Manufacturing Extension Partnership Program: An Overview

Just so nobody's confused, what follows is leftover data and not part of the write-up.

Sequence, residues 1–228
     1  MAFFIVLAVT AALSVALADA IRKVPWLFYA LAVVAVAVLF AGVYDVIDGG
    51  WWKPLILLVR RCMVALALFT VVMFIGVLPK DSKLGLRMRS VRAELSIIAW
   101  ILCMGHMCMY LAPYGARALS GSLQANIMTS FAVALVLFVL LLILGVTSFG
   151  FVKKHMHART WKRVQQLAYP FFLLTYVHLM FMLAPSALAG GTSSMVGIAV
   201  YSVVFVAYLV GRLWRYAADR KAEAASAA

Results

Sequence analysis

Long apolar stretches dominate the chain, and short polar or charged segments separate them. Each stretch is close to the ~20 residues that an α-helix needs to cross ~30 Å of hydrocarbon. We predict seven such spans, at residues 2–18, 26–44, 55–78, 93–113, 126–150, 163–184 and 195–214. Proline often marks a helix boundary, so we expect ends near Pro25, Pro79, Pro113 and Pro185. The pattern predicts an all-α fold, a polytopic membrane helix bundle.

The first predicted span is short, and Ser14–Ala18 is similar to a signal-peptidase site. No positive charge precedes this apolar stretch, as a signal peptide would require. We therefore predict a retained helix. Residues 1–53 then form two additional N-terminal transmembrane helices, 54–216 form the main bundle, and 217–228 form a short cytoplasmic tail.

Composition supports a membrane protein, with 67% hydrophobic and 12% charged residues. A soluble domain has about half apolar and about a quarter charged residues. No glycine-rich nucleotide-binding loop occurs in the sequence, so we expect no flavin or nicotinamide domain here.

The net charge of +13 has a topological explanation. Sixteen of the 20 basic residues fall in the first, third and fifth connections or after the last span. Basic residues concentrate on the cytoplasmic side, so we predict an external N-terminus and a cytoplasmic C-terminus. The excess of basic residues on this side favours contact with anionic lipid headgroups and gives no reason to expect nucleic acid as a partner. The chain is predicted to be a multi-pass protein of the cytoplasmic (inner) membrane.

Manufacturing Extension Partnership Program: An Overview Wendy H. Schacht Specialist in Science and Technology Policy November 20, 2013 Congressional Research Service 7-5700 www.crs.gov 97-104 Manufacturing Extension Partnership Program: An Overview Summary The Hollings Manufacturing Partnership (MEP) is a program of regional centers that assist smaller, U.S.-based manufacturing companies in identifying and adopting new technologies. Operating under the auspices of the National Institute of Standards and Technology (NIST), centers in all 50 states and Puerto Rico provide technical and managerial assistance to firms. Federal funding is matched by nonfederal sources. Existing resources in government, business, and academia are leveraged while the program endeavors to build on current state and local activities and industrial extension efforts. The MEP program has, at times, been included in the discussion surrounding termination of government programs that provide direct federal support for industry. Questions have been raised in congressional debate as to the appropriateness of government funding for this program when the technologies are available in the marketplace. Instead of the government picking “winners and losers,” opponents argue, the marketplace should make decisions regarding firms worthy of investment. However, proponents of the program stress that, to date, no direct funding is available to companies through MEP and that assistance is technical, scientific, and/or managerial. The centers facilitate the adoption of new technologies that foster competition and promote innovation. As Congress continues to make appropriation decisions, support for manufacturing extension may be discussed in the context of the role of the federal government in facilitating research and technological advancement. Congressional Research Service Manufacturing Extension Partnership Program: An Overview Contents Background ...................................................................................................................................... 1 The Program .................................................................................................................................... 1 Funding ............................................................................................................................................ 4 Evaluations of the Manufacturing Extension Partnership ............................................................... 6 Issues and Concerns ......................................................................................................................... 7 Contacts Author Contact Information............................................................................................................. 9 Congressional Research Service Manufacturing Extension Partnership Program: An Overview Background The trade debate in the mid-1980s, which ultimately resulted in passage of the Omnibus Trade and Competitiveness Act (P.L. 100-418), underscored the critical role of technological advance in the competitiveness of individual firms and in long-term national economic growth and productivity. Reflecting these and other ideas, legislation established a public-private program, now known as the Hollings Manufacturing Extension Partnership (MEP), to assist smaller, U.S.based manufacturing firms in identifying and adopting new technologies. The focus on small and medium-sized companies derived from their perceived contribution to job creation, innovation, and manufacturing. Research at that time indicated that businesses of fewer than 500 employees were about 2.5 times as innovative per employee as large firms. The 330,000 firms that fit this category represented almost 99% of the nation’s manufacturing enterprises, employed approximately 9.7 million people, and accounted for 60% of total U.S. manufacturing employment in 2007.1 The improved use of technology by small and medium-sized businesses is seen as important to the competitiveness of American manufacturing firms. How a product is designed and produced often determines costs, quality, and reliability. Lack of attention to process technologies and techniques may be the result of various factors, including finances, absence of information, equipment shortages, and/or undervaluation of the benefits of technology. The purpose of the centers program is to address these issues through outreach and the application of expertise, technologies, and knowledge developed within the manufacturing research activities of the federal government. The Program Located at the National Institute of Standards and Technology (NIST), a laboratory of the Department of Commerce, the Manufacturing Extension Partnership program is built on regional centers to assist companies in adopting and adapting new technologies and manufacturing techniques generated by the federal agencies in pursuit of their various missions. The transfer of public sector expertise, particularly that found in NIST, as well as technology suited to the individual requirements of a firm, is to be accomplished through a “manufacturing extension” system. Federal funding is offered on a competitive basis to nonprofit, state, or local organizations for development and management of the centers. Government financing was initially limited to six years, a provision temporarily suspended by the FY1997 and FY1998 appropriations acts, and eliminated by P.L. 105-309. Initially nonfederal sources were required to provide 50% or more of each center’s capital and costs through matched dollars, fees for service collected, and/or industry contributions. After six years, federal funding may be provided at no more than one-third of these costs if the center has received a positive, independent evaluation. Centers are selected in response to open and competitive solicitations and are merit based. According to NIST, the selection criteria include “knowledge of target firms in the proposed region; linkages to sources of technology; technology delivery mechanisms; and management and 1 National Institute of Standards and Technology, The Manufacturing Extension Partnership, Delivering Measurable Results to Its Clients, Fiscal Year 2009 Results, March 2011, available at http://www.nist.gov/mep/upload/MEPMeasuring-Results-Mar11-FINAL.pdf. Congressional Research Service 1 Manufacturing Extension Partnership Program: An Overview financial plans.” The sponsor, locally based, is expected to provide expertise reflecting the needs of the business community and the type of industries in that region. No direct financial support is available for companies through the center; the program offers only technical and managerial assistance that is generally reimbursable on a sliding scale. Center staff are employees of the center and the partners, not the federal government. The intent is to have a center not more than two hours away from potential clients. In 1994, the initial regional centers program expanded when NIST took over support of 36 extension centers originally funded by the Department of Defense through the Technology Reinvestment Project. The combined programs became the Manufacturing Extension Partnership with approximately 60 centers and over 440 field locations that cover all 50 states and Puerto Rico. The intent of the original legislation creating the manufacturing extension effort was to provide cutting-edge technology developed within NIST and other federal laboratories to small and medium-sized manufacturing companies. Royalties and licenses paid to the centers and/or the government for the use of these technologies were expected to make the centers self-sufficient after the initial six years of operation. However, the focus on the application of advanced, federally funded technology to small and medium-sized manufacturing firms did not prove satisfactory to most users of the centers. What was seen as being of value to these firms were off-the-shelf technologies and business advice. A 1991 assessment of the program by the General Accounting Office (GAO, now the Government Accountability Office) concluded that While legislation establishing the Manufacturing Technology Centers Program emphasized the transfer of advanced technologies being developed at federal laboratories, the centers have found that their clients primarily need proven technologies. Thus, a key mandate of this program is not realistically aligned with the basic needs of most small manufacturers [emphasis added] ... according to officials from professional and trade associations representing small manufacturers and the results of key studies on U.S. manufacturing competitiveness, such advanced, laboratory-based technologies are not practical for most small manufacturers because these technologies generally are expensive, untested, and too complex.2 In recognition of this situation, the manufacturing centers program was reoriented to offer basic technologies that permitted small and medium-sized firms to improve their competitive position. By the mid-1990s, MEP was providing “a wide range of business services, including helping companies (1) solve individual manufacturing problems, (2) obtain training for their workers, (3) create marketing plans, and (4) upgrade their equipment and computers.”3 Current efforts are focusing on issues of concern to the small manufacturing community including, as identified by NIST, technology acceleration, supplier development, sustainability, continuous improvement, and workforce development. The “overarching strategy” for the MEP program going forward is to reduce manufacturing costs through “lean, quality, & other programs targeting plant efficiencies” 2 General Accounting Office, Technology Transfer, Federal Efforts to Enhance the Competitiveness of Small Manufacturers, GAO/RCED-92-30, November 1991, 3. 3 General Accounting Office, Manufacturing Extension Program, Manufactures’ Views About Delivery and Impact of Services, GAO/GGD-96-75, March 1996, 2. Congressional Research Service 2 Manufacturing Extension Partnership Program: An Overview and to increase profitability “through business growth services resulting in new sales, new markets, and new products.”4 Centers offer expertise, needs evaluation, application demonstrations for new production technologies, training, and information dissemination. Larger, regional organizations use federal, university, and private sector technologies, knowledge, and skills in providing improved manufacturing techniques designed to increase efficiency and quality and to decrease costs. They also can furnish individual project engineering, help in selecting and employing software and equipment, factory assessments, and provide on-site assistance with new technologies. Identification of and access to local and national experts may be provided. Managerial, financial, and marketing services are accessible. No new R&D is conducted by the centers, which only use technologies available elsewhere in the network. One center may have several field offices to provide support to a broader population. Generally these programs are associated with operating technical or training institutions such as community or technical colleges, vocational institutions, university manufacturing programs, or state technical assistance efforts. The partnership leverages existing resources—whether from government, business, or academia. It does not attempt to supplant the private sector. The program endeavors to build on existing state and local activities and industrial extension efforts. According to NIST, cooperative efforts involve other federal agencies, the National Association of State Development Agencies, the State Science and Technology Institute, the National Association of Manufacturers, and various universities and community colleges. The America COMPETES Act (P.L. 110-69) authorized the creation of (but did not fund) several new manufacturing programs to be administered by NIST including collaborative manufacturing research pilot grants for partnerships between industry and other educational or research institutions to develop new manufacturing processes, techniques, or materials; a manufacturing fellowship program with stipends available for post-doctoral work at NIST; and a manufacturing research database. In October 2010, NIST announced $9.1 million in cooperative agreements for 22 projects “designed to enhance the productivity, technological performance and global competitiveness of U.S. manufacturers.”5 The funding was granted on a competitive basis to nonprofit organizations that will work with the MEP centers and address one or more of the areas that have been identified by NIST as critical to U.S. manufacturing including • Responding to evolving supply chains; • Accelerating the adoption of new technology to build business growth; • Implementing environmentally sustainable processes; • Establishing and enabling strong workforces for the future, and; • Encouraging cultures of continuous improvement.6 4 Slides provided by Roger D. Kilmer, Director, Hollings Manufacturing Extension Partnership, NIST, May 19, 2010. National Institute of Standards and Technology, NIST Manufacturing Extension Partnership Awards $9.1 Million for 22 Projects to Enhance U.S. Manufacturers’ Global Competitiveness, Press Release, October 5, 2010, available at http://www.nist.gov/mep/upload/100410-MEP-Competition-press-release-FINAL.pdf. 6 Ibid. 5 Congressional Research Service 3 Manufacturing Extension Partnership Program: An Overview These grants differ from the established MEP effort in which no new manufacturing research is conducted and funded as existing manufacturing technology is applied to the needs of small and medium-sized firms. In July of 2013, NIST announced a new pilot program under MEP, Manufacturing Technology Acceleration Centers (M-TACs), designed to address “the technical and business challenges encountered by small and mid-sized U.S. manufacturers as they attempt to adopt, integrate, and execute advanced product and process technologies into their operations.”7 According to NIST, two pilot projects are expected to be funded at approximately $500,000 each for one year. Funding Initial appropriations for NIST manufacturing extension programs totaled $12.5 million for FY1989 and FY1990. Further funding included $11.9 million in FY1991, $15.1 million in FY1992, and $16.9 million in FY1993. In FY1994, the State Technology Extension Program was combined with the centers’ activity to create the Manufacturing Extension Partnership. Appropriations for the larger effort totaled $30.3 million. Funding for FY1995 was $90.6 million and included a new program, LINKS, to network federal, state, and local agencies, the private sector, and the manufacturing outreach institutions through communications and data systems. However, $16.3 million of this amount was rescinded. MEP was provided with $80 million for FY1996 and P.L. 104-208 provided $95 million for FY1997 while temporarily removing the sixyear time limit for federal support of the individual centers. For FY1998, $113.5 million was appropriated while the following year MEP was funded at $106.8 million, which reflected a decrease in the federal share of support as the centers matured. P.L. 105-309 ended the six-year restriction on federal funding if a positive evaluation through an independent review is received at least every two years. Federal financing is limited to no more than one-third of the annual operating and maintenance costs of the center. For FY2000, the partnership was financed at $104.2 million (after a mandated rescission) and $105.1 million was appropriated for FY2001. In FY2002, MEP received $106.5 million in funding. The Bush Administration’s FY2003 request of $12.9 million for the partnership reflected the recommendation that centers in operation for more than six years no longer receive federal support; however, funding totaled $105.9 million. The following year, the President’s FY2004 budget again included a significant reduction in support for the extension program and only $38.7 million was appropriated. Funding increased to $107.5 million in FY2005. While the Administration’s FY2006 and FY2007 budgets included substantial decreases in financing for MEP, Congress appropriated $104.6 million in FY2006 and $104.6 million in FY2007. In FY2008, the President’s budget proposal included $46.3 million for MEP, 56% below the FY2007 figure; however, the program was funded at $89.6 million, which was 14.4% below the previous fiscal year. For FY2009, the Bush Administration’s amended budget request provided $2 million to close out the federally funded portion of MEP. No final FY2009 appropriations legislation for the program was enacted by the close of the 110th Congress. P.L. 110-329, the Consolidated Security, Disaster Assistance, and Continuing Appropriations Act, 2009, provided, in part, funding for MEP at FY2008 levels through March 6, 2009. P.L. 111-8, the FY2009 7 Explaining AMTech, M-TAC and NNMI: New NIST Programs in Support of Advanced Manufacturing, available at http://www.manufacturing.gov/docs/Explaining_AMTech_M-TAC_NNMI.pdf. Congressional Research Service 4 Manufacturing Extension Partnership Program: An Overview Omnibus Appropriations Act, provided $110.0 million in support for manufacturing extension, a 22.8% increase over FY2008. P.L. 111-117, the Consolidated Appropriations Act, 2010, as well as the President’s budget request and H.R. 2847, as originally passed by both the House and Senate, fund MEP at $124.7 million, a 13% increase over FY2009. The Administration’s FY2011 budget included $129.7 million for the Manufacturing Extension Partnership program, 4.0% more than the FY2010 appropriation. S. 3636, the FY2011 Commerce, Justice, Science appropriations bill reported from the Senate Committee on Appropriations during the 111th Congress, also provided $129.7 million for MEP. No FY2011 Commerce, Justice, Science appropriations bill was reported from the House Appropriations Committee in the last Congress. MEP operated under a series of Continuing Resolutions until a final appropriations bill was enacted. The last CR, P.L. 112-6, in effect through April 8, 2011, provided funding for MEP at the FY2010 figure of $124.7 million. Under H.R. 1, as passed by the House (the “Full-year” CR), FY2011 support for the program would have remained at $124.7 million. The final FY2011 appropriations legislation, P.L. 112-10, provided $128.4 million for MEP, 3.0% more than both the FY2010 appropriation and the funding included in the Full-Year CR, and 1.0% below the Administration’s budget. P.L. 112-55 funded MEP at $128.4 million in FY2012, the same amount as the previous fiscal year. The Administration’s FY2012 budget proposed $142.6 million in support for MEP which represented an 11.1% increase over FY2011 funding. H.R. 2596, as reported from the House Committee on Appropriations, also would have provided $128.4 million while the FY2012 consolidated appropriations bill covering the Department of Commerce originally passed by the Senate, H.R. 2112, would have funded the program at $120.0 million, 6.5% below the amount appropriated in FY2011. The Administration’s FY2013 budget request included $128.0 million in funding for MEP, a 0.3% decrease in support from the FY2012 appropriation. S. 2323, as reported from the Senate Committee on Appropriations, would have provided the program with $128.5 million, 0.1% above the FY2012 figure and 0.4% more than the budget request, while H.R. 5326, as passed by the House, would have financed the program at $128.4 million, the same as in FY2012, 0.3% less than the budget proposal, and 0.1% below the Senate-reported bill. The final appropriations bill, P.L. 113-6, provided $119.4 million for the program after accounting for the two rescissions included in the act and cuts due to sequestration according to NIST.8 The President’s FY2014 budget request would provide $153.1 million for the Manufacturing Extension Partnership activity. H.R. 2787, as reported from the House Committee on Appropriations, would fund MEP at $120.0 million while S. 1329, as reported from the Senate Committee on Appropriations, includes $153.1 million for the program. P.L. 113-46, the Continuing Appropriations Act, 2014, continues support for MEP at FY2013 levels through January 15, 2014, or such time that an FY2014 appropriations bill is enacted. 8 National Institute of Standards and Technology Appropriations Summary, available at http://www.nist.gov/ public_affairs/releases/approps-summary2014.cfm. Congressional Research Service 5 Manufacturing Extension Partnership Program: An Overview Evaluations of the Manufacturing Extension Partnership In an August 1995 briefing paper, the General Accounting Office (GAO, currently the Government Accountability Office) explored how small and medium-sized firms were served by various manufacturing extension efforts, including the MEP program (Manufacturing Extension Programs, Manufacturers’ Views of Services). Of the 551 responses (to 766 questionnaires distributed), approximately 73% found that their relationships with an extension activity had a positive effect on the company’s business performance. Fifteen percent indicated that there was no effect at all. Among the impacts identified were improved use of technology (63%), better product quality (61%), and expanded productivity (56%). According to GAO, this suggested that manufacturing extension activities “had some success in achieving their primary goal of helping manufacturers improve their operations through the use of appropriate technologies and through increases in product quality and worker productivity.” The study also found that companies which used internal funding to implement recommendations offered by extension programs were the most likely to find an overall positive impact. “Significantly, approximately 97 percent of [these respondents] ... said that they believed that this investment had been worthwhile.” Those who utilized these organizations noted that practical experience in the field contributed to the success of staff activities, as did the affordability of the assistance. Companies that did not utilize the resources provided by the MEP tended to be those that were unaware of the program and the opportunities associated with it. Further refining this information in a March 1996 report, Manufacturing Extension Programs, Manufacturers’ Views about Delivery and Impact of Services, GAO also noted that company size and age were significant factors in business perceptions of the extension program. Smaller (under $1 million gross sales) and newer (established after 1985) firms “were most likely to report that their overall business performance was boosted by MEP assistance.” While there were no real differences in perception between extension services offered by NIST and those funded by other institutions, there was a difference in assessments of effectiveness based on whether or not payment was required. According to GAO, those firms that paid fees “were half as likely as those that paid no fees to credit the assistance for having an extremely positive impact, as opposed to a generally positive impact, on their business performance.” The National Academy of Public Administration also studied the MEP program and in a 2004 report stated that while “on balance ... the MEP Program performs capably and effectively and that the core premise ... remains viable as it is fulfilling its mission by leveraging both public and private resources to assist the nation’s small manufacturers,” there should be consideration of a “fundamental change in the mix of the types of services it provides as well as the structures for delivering them.”9 As such, a Next Generation Strategic Plan was developed by the partnership to concentrate on not just the shop floor but on “the entire enterprise and its position in the marketplace.” In addition to individual manufacturing firms, NIST concluded that MEP “must focus on industry/supply chain requirements as well as overall economic development trends.”10 9 National Academy of Public Administration, The Manufacturing Extension Partnership Program, Report 2, Alternative Business Models, May 2004, available at http://www.napawash.org/Pubs/NIST6-2-04.pdf. 10 Manufacturing Extension Partnership, Next Generation Strategic Plan, available at http://www.mep.nist.gov/ documents/pdf/about-mep/Next_Gen_MEP_Strategy.pdf. Congressional Research Service 6 Manufacturing Extension Partnership Program: An Overview According to NIST, MEP centers have responded to approximately 490,000 requests for assistance since the program’s inception.11 Regular reporting is required of the centers, covering the number and type of projects undertaken. Centers also are mandated to collect information that may provide indicators of longer-term results, including changes in sales, financial investments, inventory reduction, savings in labor and materials, and jobs created or saved. In a survey of clients using the centers during FY2011, NIST found that companies reported $2.5 billion in new sales, $4.1 billion in retained sales, $900 million in cost savings and the creation or retention of 61,139 jobs.12 Issues and Concerns The Manufacturing Extension Partnership has, at times, been included in the discussion surrounding termination of government programs that provide direct federal support for industry. Questions have been raised as to the appropriateness of government funding for this program when the technologies are available in the marketplace. Instead of the government picking “winners and losers,” opponents argue, the marketplace should make decisions regarding firms worthy of investment. However, proponents of the program stress that no direct funding is available to companies through MEP and that assistance is technical, scientific, and/or managerial. The centers facilitate the adoption of new technologies that foster competition and promote innovation. Congress continues to explore the issue of manufacturing extension within the context of federal support for research and development. Until FY2004, despite some opposition to the Manufacturing Extension Partnership, there had been continued and generally increased funding for the program. The lower level of appropriations for FY1999 and FY2000 reflected a decrease in the federal portion of center financing as the programs surpass the original six-year funding limit, not declining congressional support for the activity. The ongoing involvement and financial backing of state and local organizations may indicate additional, widespread commitment to a program designed to expand private sector use of manufacturing technologies already funded by the government and developed by the agencies in response to their mission requirements. While the Bush Administration’s budget proposals continued to call for substantial reductions in support for MEP, with the exception of FY2004, Congress had appropriated full funding for the centers program although in FY2008 support fell 14.4% from the previous fiscal year. The final FY2009 appropriations legislation provided a large increase in financing for manufacturing extension initiatives; the Consolidated Appropriations Act, 2010, again included a significant increase in support for MEP. A small increase in support was provided for FY2011; there was no increase in FY2012 funding. For FY2013, funding for MEP was 7% below the previous fiscal year. The issue of the statutory six-year limitation on government financing of individual centers was addressed by the Technology Administration Act of 1998 (P.L. 105-309). Yet, questions still remain as to whether or not the centers should be required to be self-supporting, the federal contribution should remain at one-third of the operating costs, or federal funding should be increased to 50% as in the original legislation. Continued federal support, albeit on a reduced level, was considered necessary because the loss of federal funding would have required increases 11 National Institute of Standards and Technology, Manufacturing Extension Partnership: Making an Impact on U.S. Manufacturing, 2013, available at http://www.nist.gov/mep/upload/MEP-PARTNERING-IMPACTS-2013-2.pdf. 12 Ibid. Congressional Research Service 7 Manufacturing Extension Partnership Program: An Overview in service charges which, it was argued, would put use of the centers beyond the financial ability of many small companies. The requirement for companies to pay for services is important because, as GAO found in a 1995 study, firms that used internal funding to implement recommendations offered by extension programs were the most likely to find an overall positive impact on their manufacturing position.13 According to a 1998 NIST sponsored study, Analysis indicates that to offset lost public revenue centers would need to take on much larger projects at much higher billing rates and focus on repeat business. As a result, many small manufacturers would not be able to afford these services. Given this conclusion, the best way to ensure high-caliber nationwide assistance to smaller manufacturers is to commit to a stable amount of renewable federal funding for those centers which receive successful evaluations.14 The financial support system created by Congress in the original legislation was based on matching financing between the federal government and state, local, and/or private nonprofit entities. The Senate Committee report to accompany S. 907 (100th Congress) directed that “the percentage of funding offered by particular applicants be considered in deciding which applications be selected.”15 Cost-sharing strengthens the ties between the organizations involved in the cooperative arrangement and as such, the committee stated that “special attention will be given to innovative ways in which Federal laboratories, State agencies, and business and professional groups can work together.”16 In Senate hearings preceding the passage of the Omnibus Trade and Competitiveness Act, former Director of the National Bureau of Standards Ernest Ambler testified that it was critical that his organization work with state and local government programs and “by working with them, and through them in some kind of cooperative way that we will be most effective.”17 An issue currently under consideration is raising to 50% the federal contribution to the MEP program. Some commentators argue that in the current difficult economic situation, state and local financial support may be curtailed. At the same time, client fees for service decreased 13.4% between FY2008 and FY2009, the first significant decline since FY1996.18 Advocates of increasing the federal share note that such action would not release state and local partners of their responsibility to support the centers, but would permit continued outreach to small manufacturers without pricing the services out of reach. Opponents of this approach argue that the one-third federal contribution is sufficient and that the successful operation of the program is dependent on the financial participation of state and local government as well as the companies that utilize the partnership. The House Committee on Science report to accompany H.R. 1274 (which became P.L. 105-309) states: “The Committee notes that the 33⅓% cap on federal contributions to all centers which have exhausted their 13 General Accounting Office, Manufacturing Extension Programs, Manufactures’ Views of Service, GAO/GGD-95216BR, August 1995, 2. 14 E.S. Oldsman, G.M. Ugiansky, and R. Jamin, Review of Mission and Operations of Regional Centers, National Institute of Standards and Technology, Publication Citation, February 1, 1998, available at http://www.nist.gov/cgi-bin/ view_pub.cgi?pub_id=200288&divison=260. 15 Technology Competitiveness Act of 1987, 10. 16 Ibid., 17. 17 Senate Committee on Commerce, Science, and Space, Subcommittee on Science, Technology, and Space, Department of Commerce Technology Programs Authorization, Senate Hearings 100-146, March 17, 1987, 26. 18 Slides provided by Roger D. Kilmer, Director, Hollings Manufacturing Extension Partnership, NIST, May 19, 2010. Congressional Research Service 8 Manufacturing Extension Partnership Program: An Overview original 6-year life-cycles is a ceiling. The Committee supports efforts to make individual centers more self-sufficient and less reliant on federal funding whenever possible.”19 The matching provisions are seen as a means to ensure that the centers reflect the actual needs of the manufacturing companies in the area they serve. The America COMPETES Reauthorization Act of 2010 (P.L. 111-358) mandated that the GAO explore and report on the cost share provisions of the MEP program. In response, GAO issued a memorandum on April 4, 2011, that noted: We were unable to provide recommendations on how best to structure the cost share requirement to provide for the long-term sustainability of the program because we could not identify criteria or a basis for determining the optimal cost share structure for this program. Instead, we have identified a number of factors that could be taken into account in considering modifications to the current cost share structure. Among other things, past GAO work has found that cost share structures should promote equity by assigning costs to those who both use and benefit from the services. As it applies to the MEP program, manufacturers, state and local governments, and the nation may all benefit from the program to varying degrees, requiring an evaluation of the relative benefits and aligning cost shares to reflect who receives the benefits.20 The report continued that while NIST’s study of the cost share provision of the MEP program “recommended that the cost share requirements should be consistent with those of other economic development programs—which it noted, in Commerce, had 1:1 or lower cost share— and should provide flexibility to alter the cost share requirement in response to economic conditions,” in 2009 and 2011 the Congressional Budget Office had identified the MEP program for “potential elimination from discretionary spending, stating that the program’s enhancement of U.S. productivity is questionable.21 These and other issues may be debated as Congress continues to make appropriation decisions relating to manufacturing extension as it pertains to the role of the federal government in facilitating research and technological advancement. Author Contact Information Wendy H. Schacht Specialist in Science and Technology Policy wschacht@crs.loc.gov, 7-7066 19 House Committee on Science, National Institute of Standards and Technology Authorization Act of 1997, H.Rept. 105-64 to accompany H.R. 1274, 15. 20 Government Accountability Office, Factors for Evaluating the Cost Share of Manufacturing Extension Partnership Program to Assist Small and Medium-Sized Manufacturers, GAO-11-437R, April 4, 2011, 4, available at http://www.gao.gov/assets/100/97395.pdf. 21 Ibid., 4. Congressional Research Service 9